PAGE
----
Why the French Bishops Have Launched the World’s First Canonical Criminal Court
Bishops will also be in charge of implementing the sentences, which can fall under three categories known by canon law.
PARIS, France — This month, the French Bishops’ Conference (CEF) established a new legal structure to deal with crimes and offenses committed by clerics and laity within the Church, including sexual abuse of adults.
It is considered a world first: To date, no other bishops’ conference has implemented any national structure of this magnitude.
The tribunal “pénal canonique” national — “national canonical criminal court,” TPCN — is to some degree the result of findings by the French Independent Commission on Sexual Abuse in the Catholic Church (CIASE).
In its October 2021 report, the commission demanded such a tribunal. The French bishops had already announced the creation of such a structure during their March 2021 plenary assembly.
Initially planned for April, its implementation was postponed due to delays in the validation of statutes by the Holy See.
The French bishops emphasized these ecclesiastical procedures are specific to the Church and its religious purposes. They do not conflict with national penal law, as the CEF specified in its presentation of the newly created court.
The tribunal is designed to judge most offenses recognized by Church law, including “crimes against the faith and unity of the Church,” those against “the exercise of office,” which also include financial crimes as well as certain crimes against life, dignity, and human freedom, such as sexual assaults against adults.
Cases of sexual abuse of minors fall under what canon law calls the “delicta graviora” — “the more grave delicts.” These will be tried directly by the Vatican, as will penal cases involving bishops and all appeals to decisions by the TPCN.
By acquiring exclusive jurisdiction in criminal matters, the French tribunal allows for diocesan and inter-diocesan courts to rule primarily on applications for matrimonial nullity in the future.
The lack of competent staff to investigate criminal cases at the diocesan level and the resulting heterogeneity of jurisprudence was one of the main motivations for creating the tribunal. The most important one remains the desire of the CEF to “distance the handling of cases from the dioceses where the acts were committed.”
In an interview with Catholic weekly newspaper La Vie, the president of the Council for Canonical Questions at the CEF, Bishop Joseph de Metz-Noblat, said that “in recent years, [the French bishops] have been thinking about finding a way to ‘relocate’ judicial criminal trials so that the bishop of the accused cleric is no longer at the center of the proceedings.”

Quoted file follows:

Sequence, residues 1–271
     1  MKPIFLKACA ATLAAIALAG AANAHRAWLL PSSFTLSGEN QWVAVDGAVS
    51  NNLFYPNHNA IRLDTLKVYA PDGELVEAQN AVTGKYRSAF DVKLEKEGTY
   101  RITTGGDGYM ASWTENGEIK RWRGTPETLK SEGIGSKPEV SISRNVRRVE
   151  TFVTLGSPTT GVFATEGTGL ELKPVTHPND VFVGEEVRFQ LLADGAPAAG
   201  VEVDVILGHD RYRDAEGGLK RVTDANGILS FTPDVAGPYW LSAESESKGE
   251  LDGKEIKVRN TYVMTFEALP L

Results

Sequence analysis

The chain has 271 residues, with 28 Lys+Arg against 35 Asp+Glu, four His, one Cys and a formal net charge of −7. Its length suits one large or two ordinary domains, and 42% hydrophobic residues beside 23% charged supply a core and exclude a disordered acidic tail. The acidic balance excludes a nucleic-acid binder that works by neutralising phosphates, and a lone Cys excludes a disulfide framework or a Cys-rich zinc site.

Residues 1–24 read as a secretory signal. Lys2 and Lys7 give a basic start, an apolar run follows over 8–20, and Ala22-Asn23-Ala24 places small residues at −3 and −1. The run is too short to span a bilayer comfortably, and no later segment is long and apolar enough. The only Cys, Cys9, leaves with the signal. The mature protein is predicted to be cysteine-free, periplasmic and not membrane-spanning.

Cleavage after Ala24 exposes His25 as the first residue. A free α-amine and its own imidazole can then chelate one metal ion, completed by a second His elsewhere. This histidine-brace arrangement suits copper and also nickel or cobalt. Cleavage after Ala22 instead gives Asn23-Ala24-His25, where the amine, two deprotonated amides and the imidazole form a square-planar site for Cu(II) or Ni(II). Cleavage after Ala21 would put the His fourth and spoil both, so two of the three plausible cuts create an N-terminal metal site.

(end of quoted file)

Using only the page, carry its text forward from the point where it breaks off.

“Several ideas were raised, including having the cases handled in a distant diocese, but, fairly quickly, we agreed on the idea of a specific court that could be the reference jurisdiction for all our dioceses,” he said.
“For many bishops, this will be a relief: we initiated the creation of this tribunal to get out of a situation where the bishop must be both the brother of his priests and their judge. It was important to clarify the registers of their relationship.”
The diocesan bishops, however, will remain responsible for the preliminary investigations and the introduction of the cause by bringing it before the tribunal.
Bishops will also be in charge of implementing the sentences, which can fall under any of the three categories known by canon law: The “expiatory” type — such as a fine, deprivation of an office or function; the dismissal from the clerical state; or of the censures also known as the “medicinal” type by canon law, and which include excommunication.
Nevertheless, they will no longer have a monopoly on bringing cases before the criminal court, which will now be open to “any Catholic, or any person who feels aggrieved by the criminal behavior of a Catholic within the Church’s activities.” It is then up to the national official presiding over the TPCN to decide whether the result of the preliminary investigation initiated by the bishop requires the opening of a trial.
The composition of this new structure itself is also considered of unprecedented nature. Of the 13 judges sworn in after a Mass in Paris on Dec. 5, five are laypeople, four of whom are women.
This change also echoes the CIASE’s recommendation to integrate within the tribunal “not only expert priests but also specially trained lay judges.”
While this initiative already meets with a clear consensus within the Church of France, the question of financing the high costs that this judicial body will require — already raised by some observers — has not yet been clarified by the CEF.